5 Reasons You Need These Thrift Shopping Totes

Posted On Thursday, May 14th, 2015
Filed Under: Thrift Stores


“I Don’t Pay Retail, I Thrift!”

It’s not just a phrase, but a lifestyle. After a hectic few weeks {trip to Belize and recent Today Show appearance}, my custom thrift shopping tote bags are finally ready for sale. And I’m confident you’re going to love them.

Here are five reasons you’ll want to get your hands on these limited edition bags.

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Links to Save By

Posted On Friday, July 8th, 2011
Filed Under: Looking FLY on a Dime, shopping, Thrift Stores

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Thrift Store Treasure – Vintage DKNY bag

Posted On Monday, March 28th, 2011
Filed Under: Looking FLY on a Dime, shopping, Thrift Stores

By now you guys know I’m a proud thriftaholic. I’ve been scouring the racks of thrift and vintage stores for about 8 or 9 years now. One of the first pieces I ever thrifted was a straw DKNY bag. It came from a store in Philly {i forget the name but it was on Broad and Girard} and it was love at first sight.

The wooden tag says it was made in 1989 so that technically defines it as vintage! I believe I paid less than 10 bucks for it! I can’t wait to whip her out again once the warm weather finally returns.

Peep the short video below to see how I found this gem. And I also drop another handy thrift shopping tip!

And be sure to subscribe to my YouTube channel for more thrift shopping tips, haul videos and DIY projects.

Thrift Shopping Don’ts

Posted On Monday, January 31st, 2011
Filed Under: shopping, Thrift Stores

I’ve given you thrift shopping do’s before {like here and here} but what about what not to do? It’s easy to go thrifting and get caught up in the amazingly low prices. At most stores, you purchase an item and if you don’t like it, simply return it. However the stakes are a bit higher when thrifting, as there’s a no return policy at many shops.

Thrift Shopping Mistake: Buying something just because it’s cheap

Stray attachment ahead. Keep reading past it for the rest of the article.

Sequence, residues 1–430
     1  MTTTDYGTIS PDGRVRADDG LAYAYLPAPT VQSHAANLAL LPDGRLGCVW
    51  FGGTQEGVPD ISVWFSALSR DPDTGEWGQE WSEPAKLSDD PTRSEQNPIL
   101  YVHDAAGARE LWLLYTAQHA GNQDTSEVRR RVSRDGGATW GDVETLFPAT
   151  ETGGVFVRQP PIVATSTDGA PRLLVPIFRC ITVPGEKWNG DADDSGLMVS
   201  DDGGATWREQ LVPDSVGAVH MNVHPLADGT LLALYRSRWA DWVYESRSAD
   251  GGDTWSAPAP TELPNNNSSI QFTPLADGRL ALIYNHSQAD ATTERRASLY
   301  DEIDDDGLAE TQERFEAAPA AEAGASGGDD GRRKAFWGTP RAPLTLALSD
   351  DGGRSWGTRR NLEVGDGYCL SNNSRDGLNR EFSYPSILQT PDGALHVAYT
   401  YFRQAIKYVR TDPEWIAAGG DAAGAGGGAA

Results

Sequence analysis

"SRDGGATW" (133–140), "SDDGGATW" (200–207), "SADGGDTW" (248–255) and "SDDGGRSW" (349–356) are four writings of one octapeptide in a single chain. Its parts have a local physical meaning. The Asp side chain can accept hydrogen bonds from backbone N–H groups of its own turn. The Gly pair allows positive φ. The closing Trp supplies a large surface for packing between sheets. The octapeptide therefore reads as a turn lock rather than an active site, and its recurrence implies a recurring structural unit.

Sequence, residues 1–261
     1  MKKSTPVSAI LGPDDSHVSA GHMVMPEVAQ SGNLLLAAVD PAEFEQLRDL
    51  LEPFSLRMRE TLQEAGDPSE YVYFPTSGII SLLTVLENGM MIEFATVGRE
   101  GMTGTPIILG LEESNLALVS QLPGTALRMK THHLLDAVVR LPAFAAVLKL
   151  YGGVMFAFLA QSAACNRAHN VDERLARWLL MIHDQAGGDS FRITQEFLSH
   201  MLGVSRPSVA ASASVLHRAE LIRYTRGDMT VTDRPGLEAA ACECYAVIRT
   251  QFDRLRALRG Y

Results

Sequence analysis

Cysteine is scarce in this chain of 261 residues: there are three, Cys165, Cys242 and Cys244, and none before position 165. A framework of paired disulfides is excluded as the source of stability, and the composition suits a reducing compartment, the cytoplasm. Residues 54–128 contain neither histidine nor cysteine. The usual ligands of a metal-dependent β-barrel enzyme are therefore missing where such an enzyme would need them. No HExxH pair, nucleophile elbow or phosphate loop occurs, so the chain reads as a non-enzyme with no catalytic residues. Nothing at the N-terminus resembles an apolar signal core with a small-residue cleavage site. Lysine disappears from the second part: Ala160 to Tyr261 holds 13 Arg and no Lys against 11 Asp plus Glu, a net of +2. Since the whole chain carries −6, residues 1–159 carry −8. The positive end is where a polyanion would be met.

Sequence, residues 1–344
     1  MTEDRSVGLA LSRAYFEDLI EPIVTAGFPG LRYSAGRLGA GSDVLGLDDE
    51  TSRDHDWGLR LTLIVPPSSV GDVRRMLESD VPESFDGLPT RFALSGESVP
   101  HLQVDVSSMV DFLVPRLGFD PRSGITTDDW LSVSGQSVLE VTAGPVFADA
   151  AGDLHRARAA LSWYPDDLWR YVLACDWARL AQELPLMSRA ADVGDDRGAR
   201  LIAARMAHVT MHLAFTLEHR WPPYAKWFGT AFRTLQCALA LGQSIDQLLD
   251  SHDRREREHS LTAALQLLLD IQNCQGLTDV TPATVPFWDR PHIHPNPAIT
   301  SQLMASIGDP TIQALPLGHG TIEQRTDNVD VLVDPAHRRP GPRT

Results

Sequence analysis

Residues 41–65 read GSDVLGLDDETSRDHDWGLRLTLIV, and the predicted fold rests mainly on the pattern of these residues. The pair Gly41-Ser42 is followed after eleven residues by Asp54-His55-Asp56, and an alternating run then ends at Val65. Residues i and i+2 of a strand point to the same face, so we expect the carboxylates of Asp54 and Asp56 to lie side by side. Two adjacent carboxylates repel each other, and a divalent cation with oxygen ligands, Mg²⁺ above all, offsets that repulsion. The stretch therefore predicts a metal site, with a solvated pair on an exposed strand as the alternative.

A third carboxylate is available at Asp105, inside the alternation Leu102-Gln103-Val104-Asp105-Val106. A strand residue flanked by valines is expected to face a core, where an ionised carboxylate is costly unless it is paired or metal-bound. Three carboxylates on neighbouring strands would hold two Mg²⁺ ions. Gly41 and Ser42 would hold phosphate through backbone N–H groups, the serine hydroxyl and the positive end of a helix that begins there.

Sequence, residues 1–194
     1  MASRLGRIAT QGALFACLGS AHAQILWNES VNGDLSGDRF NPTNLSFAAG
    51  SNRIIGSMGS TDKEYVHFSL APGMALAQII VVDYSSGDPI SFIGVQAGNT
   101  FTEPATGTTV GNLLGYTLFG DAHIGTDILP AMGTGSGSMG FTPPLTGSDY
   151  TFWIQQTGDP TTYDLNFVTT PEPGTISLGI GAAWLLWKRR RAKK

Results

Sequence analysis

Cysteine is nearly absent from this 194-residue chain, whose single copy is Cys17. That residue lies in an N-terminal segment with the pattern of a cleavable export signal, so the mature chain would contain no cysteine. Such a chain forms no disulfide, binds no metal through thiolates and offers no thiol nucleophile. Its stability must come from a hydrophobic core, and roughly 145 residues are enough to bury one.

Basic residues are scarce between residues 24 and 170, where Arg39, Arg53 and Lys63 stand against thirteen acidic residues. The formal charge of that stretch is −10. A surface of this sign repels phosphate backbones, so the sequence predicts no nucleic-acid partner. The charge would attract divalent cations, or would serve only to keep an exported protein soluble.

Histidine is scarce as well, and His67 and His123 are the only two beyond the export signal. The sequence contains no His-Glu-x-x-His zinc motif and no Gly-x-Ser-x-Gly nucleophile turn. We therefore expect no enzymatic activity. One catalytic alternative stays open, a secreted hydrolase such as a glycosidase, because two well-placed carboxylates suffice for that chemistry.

Yes, it’s easy to think you really want that pair of crazy/unique or funky pants, but you probably don’t. While thrifting you can come across some great pieces, but not everything is worth taking home. It’s key to decipher what’s cute and fun versus what you’ll actually wear and what will work with your style.  Besides taking up unnecessary space in your closet, you’re defeating the purpose of bargain hunting. You want to save money when secondhand shopping and you’re actually wasting dough if you buy something that will never get any rotation in your wardrobe.

I’ve been guilty of this mistake plenty of times. I try to rationalize why I need something. “Well, this white button down is slightly different than the other four you have” or “how can I not buy a bright pink boa?”

A quick, easy way to avoid this mistake is by asking yourself: would I buy this if it was in a regular store or full price?

If you can honestly answer that question,  I’m sure you’ll cut down on buyer’s remorse. Consider the piece more than the appealing {cheap} price.

Check back next week for another installment of Thrift Shopping Don’ts.

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How to Clean Thrift Store Clothing

Posted On Thursday, October 21st, 2010
Filed Under: How To, Thrift Stores

So you’ve followed my thrfiting tips and scored some amazing finds, but now what? How do you sanitize items like clothing, shoes and accessories once you get them home? I’ve come across some thrift stores that are cleaner than others, but you always {always} want to clean items before wearing them. You never know how many people wore the item before you and you don’t want that stale smell that some second hand clothing can have.

Check out the easy tips below on how to clean your thrifted items.

Simply follow label instructions and treat them as you would a perfectly new garment. If the items says ‘dry clean only,’ then you want to do just that. There’s no point in wasting your money by destroying a garment due to improper care. I know some people who feel all thrifted items should be dry cleaned, but I think this is completely unnecessary and it can get a bit expensive if you’re an avid thrifter like myself. Drop the load in the laundry machine, dry on the highest heat possible and you’re good to go. For delicate garments, hand wash with a product like Woolite and lay flat to dry.

For earrings, rings, necklaces or bracelets, wipe them down with rubbing alcohol and let dry before wearing.

Wipe the inside and sole of the shoe with rubbing alcohol and/or with those handy Lysol disinfectant wipes. *Test the rubbing alcohol out on a small section of the shoe to make sure it doesn’t affect the material*

Do you guys have any other tips to cleaning your thrift store finds?

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